Missouri Poverty Rate by County

Data Item State
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People of all ages in poverty - percent, 2006-2010 - (Percent)
County Value
Adair 26.0
Andrew 8.5
Atchison 13.1
Audrain 17.0
Barry 17.1
Barton 15.7
Bates 17.4
Benton 18.3
Bollinger 19.7
Boone 18.4
Buchanan 14.6
Butler 20.4
Caldwell 15.9
Callaway 11.3
Camden 11.8
Cape Girardeau 14.2
Carroll 13.0
Carter 19.6
Cass 7.2
Cedar 17.9
Chariton 14.3
Christian 9.5
Clark 13.5
Clay 7.8
Clinton 8.3
Cole 9.6
Cooper 14.3
Crawford 15.4
Dade 20.5
Dallas 16.4
Daviess 13.8
DeKalb 9.5
Dent 18.2
Douglas 22.4
Dunklin 23.6
Franklin 11.1
Gasconade 10.8
Gentry 14.9
Greene 16.2
Grundy 13.3
Harrison 15.1
Henry 16.4
Hickory 15.4
Holt 14.4
Howard 15.5
Howell 19.7
Iron 21.6
Jackson 15.7
Jasper 18.9
Jefferson 9.5
Johnson 16.0
Knox 20.5
Laclede 16.0
Lafayette 10.6
Lawrence 17.3
Lewis 16.3
Lincoln 10.9
Linn 14.6
Livingston 20.6
Macon 14.8
Madison 19.3
Maries 13.9
Marion 16.0
McDonald 15.3
Mercer 15.9
Miller 16.8
Mississippi 27.6
Moniteau 11.3
Monroe 12.9
Montgomery 14.8
Morgan 17.0
New Madrid 21.1
Newton 16.3
Nodaway 22.8
Oregon 24.0
Osage 10.9
Ozark 16.5
Pemiscot 31.8
Perry 10.6
Pettis 16.2
Phelps 17.9
Pike 12.9
Platte 7.0
Polk 21.6
Pulaski 14.3
Putnam 18.1
Ralls 9.3
Randolph 18.2
Ray 9.4
Reynolds 21.3
Ripley 24.0
Saline 19.1
Schuyler 20.9
Scotland 19.5
Scott 18.0
Shannon 22.8
Shelby 12.0
St. Charles 5.0
St. Clair 16.6
St. Francois 15.7
St. Louis 9.6
St. Louis city 26.0
Ste. Genevieve 10.7
Stoddard 18.0
Stone 16.0
Sullivan 21.1
Taney 14.8
Texas 21.5
Vernon 21.2
Warren 12.3
Washington 20.7
Wayne 19.8
Webster 16.8
Worth 16.2
Wright 24.7

Value for Missouri (Percent): 14.0%

Data item: People of all ages in poverty - percent, 2006-2010

Source: U. S. Census Bureau, American Community Survey, 5-Year Estimates. Updated every year. http://factfinder2.census.gov


Poverty statistics in ACS products adhere to the standards specified by the Office of Management and Budget in Statistical Policy Directive 14. The Census Bureau uses a set of dollar value thresholds that vary by family size and composition to determine who is in poverty. Further, poverty thresholds for people living alone or with nonrelatives (unrelated individuals) vary by age (under 65 years or 65 years and older). The poverty thresholds for two-person families also vary by the age of the householder. If a family's total income is less than the dollar value of the appropriate threshold, then that family and every individual in it are considered to be in poverty. Similarly, if an unrelated individual's total income is less than the appropriate threshold, then that individual is considered to be in poverty.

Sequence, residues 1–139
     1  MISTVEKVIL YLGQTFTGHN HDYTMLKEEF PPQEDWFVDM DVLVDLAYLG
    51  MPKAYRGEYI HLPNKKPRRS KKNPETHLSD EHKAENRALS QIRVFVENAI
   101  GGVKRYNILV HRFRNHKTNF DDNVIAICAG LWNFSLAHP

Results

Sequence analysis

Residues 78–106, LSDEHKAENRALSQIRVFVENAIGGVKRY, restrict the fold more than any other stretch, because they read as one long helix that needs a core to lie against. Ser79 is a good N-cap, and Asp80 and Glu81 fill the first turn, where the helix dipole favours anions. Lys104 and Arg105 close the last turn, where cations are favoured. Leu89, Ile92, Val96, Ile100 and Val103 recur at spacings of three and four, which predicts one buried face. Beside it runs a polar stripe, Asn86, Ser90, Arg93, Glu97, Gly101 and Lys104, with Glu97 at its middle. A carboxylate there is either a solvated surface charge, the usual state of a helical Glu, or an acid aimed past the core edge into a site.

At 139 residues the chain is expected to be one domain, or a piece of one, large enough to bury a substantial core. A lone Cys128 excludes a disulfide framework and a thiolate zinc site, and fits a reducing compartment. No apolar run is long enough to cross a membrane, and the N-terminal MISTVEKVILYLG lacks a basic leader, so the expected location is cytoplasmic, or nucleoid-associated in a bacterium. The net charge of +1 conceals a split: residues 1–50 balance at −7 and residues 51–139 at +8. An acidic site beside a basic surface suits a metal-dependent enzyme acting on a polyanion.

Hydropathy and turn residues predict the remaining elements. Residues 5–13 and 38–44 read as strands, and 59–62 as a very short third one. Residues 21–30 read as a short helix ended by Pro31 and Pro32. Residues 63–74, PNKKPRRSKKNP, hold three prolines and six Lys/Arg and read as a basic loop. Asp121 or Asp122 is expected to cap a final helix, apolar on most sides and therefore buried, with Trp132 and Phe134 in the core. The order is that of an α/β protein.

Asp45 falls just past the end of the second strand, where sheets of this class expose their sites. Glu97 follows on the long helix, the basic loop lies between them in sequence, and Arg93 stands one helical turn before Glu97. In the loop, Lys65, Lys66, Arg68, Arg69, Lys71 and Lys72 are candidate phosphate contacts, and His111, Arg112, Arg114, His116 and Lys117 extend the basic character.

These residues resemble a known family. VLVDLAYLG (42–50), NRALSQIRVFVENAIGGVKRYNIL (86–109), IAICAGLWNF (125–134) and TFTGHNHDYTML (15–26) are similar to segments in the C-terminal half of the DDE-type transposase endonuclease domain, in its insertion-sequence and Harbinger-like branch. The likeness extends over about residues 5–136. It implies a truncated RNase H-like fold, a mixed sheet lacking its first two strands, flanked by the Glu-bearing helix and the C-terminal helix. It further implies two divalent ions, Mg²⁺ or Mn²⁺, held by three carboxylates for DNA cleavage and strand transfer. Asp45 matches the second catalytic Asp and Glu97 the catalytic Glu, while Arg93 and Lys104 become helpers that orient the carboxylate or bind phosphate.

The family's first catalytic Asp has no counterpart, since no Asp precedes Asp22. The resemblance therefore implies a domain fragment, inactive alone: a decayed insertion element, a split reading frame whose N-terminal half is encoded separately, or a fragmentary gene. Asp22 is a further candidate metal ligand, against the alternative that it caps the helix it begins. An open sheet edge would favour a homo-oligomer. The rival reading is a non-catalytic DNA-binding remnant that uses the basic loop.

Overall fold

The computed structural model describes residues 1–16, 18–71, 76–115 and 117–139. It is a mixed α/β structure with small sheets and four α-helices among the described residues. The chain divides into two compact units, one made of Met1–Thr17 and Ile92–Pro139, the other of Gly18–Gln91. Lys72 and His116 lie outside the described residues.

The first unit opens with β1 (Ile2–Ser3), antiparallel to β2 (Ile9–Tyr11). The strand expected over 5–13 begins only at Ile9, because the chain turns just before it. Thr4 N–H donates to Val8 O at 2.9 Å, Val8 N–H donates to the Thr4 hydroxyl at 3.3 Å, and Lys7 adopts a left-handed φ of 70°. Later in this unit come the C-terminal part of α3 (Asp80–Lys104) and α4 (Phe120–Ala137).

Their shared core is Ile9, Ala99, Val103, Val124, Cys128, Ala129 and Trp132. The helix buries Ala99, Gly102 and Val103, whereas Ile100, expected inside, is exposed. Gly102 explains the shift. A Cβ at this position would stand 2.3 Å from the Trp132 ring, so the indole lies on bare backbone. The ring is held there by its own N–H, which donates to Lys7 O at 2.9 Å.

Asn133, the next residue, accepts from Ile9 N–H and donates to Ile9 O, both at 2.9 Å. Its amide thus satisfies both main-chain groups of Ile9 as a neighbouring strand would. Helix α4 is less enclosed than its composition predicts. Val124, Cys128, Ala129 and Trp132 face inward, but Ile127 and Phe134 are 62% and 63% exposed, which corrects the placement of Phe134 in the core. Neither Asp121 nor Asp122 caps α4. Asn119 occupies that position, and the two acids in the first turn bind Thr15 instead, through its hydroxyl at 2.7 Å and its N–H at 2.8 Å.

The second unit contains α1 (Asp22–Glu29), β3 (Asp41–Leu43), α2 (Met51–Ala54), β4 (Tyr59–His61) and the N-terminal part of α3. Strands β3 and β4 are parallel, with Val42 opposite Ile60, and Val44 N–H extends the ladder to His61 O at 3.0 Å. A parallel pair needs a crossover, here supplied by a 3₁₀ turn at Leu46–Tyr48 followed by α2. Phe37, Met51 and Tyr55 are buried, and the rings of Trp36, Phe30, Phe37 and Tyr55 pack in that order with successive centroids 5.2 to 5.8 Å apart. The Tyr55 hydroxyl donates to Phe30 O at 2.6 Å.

How the Census Bureau Determines Poverty Status

Poverty status is determined by comparing annual income to a set of dollar values called poverty thresholds that vary by family size, number of children and age of householder. If a family's before tax money income is less than the dollar value of their threshold, then that family and every individual in it are considered to be in poverty. For people not living in families, poverty status is determined by comparing the individual's income to his or her poverty threshold.

The poverty thresholds are updated annually to allow for changes in the cost of living using the Consumer Price Index (CPI-U). They do not vary geographically. The ACS is a continuous survey and people respond throughout the year. Since income is reported for the previous 12 months, the appropriate poverty threshold for each family is determined by multiplying the base-year poverty threshold (1982) by the average of monthly CPI values for the 12 months preceding the survey month.

Scope and Methodology:

These data are collected in the American Community Survey (ACS). The data are estimates and are subject to sampling variability. The data for each geographic area are presented together with margins of error at factfinder2.census.gov. The data are period estimates, that is, they represent the characteristics of the population over a specific 60-month data collection period.

Since answers to income questions are frequently based on memory and not on records, many people tended to forget minor or sporadic sources of income and, therefore, underreport their income. Underreporting tends to be more pronounced for income sources that are not derived from earnings, such as public assistance, interest, dividends, and net rental income.

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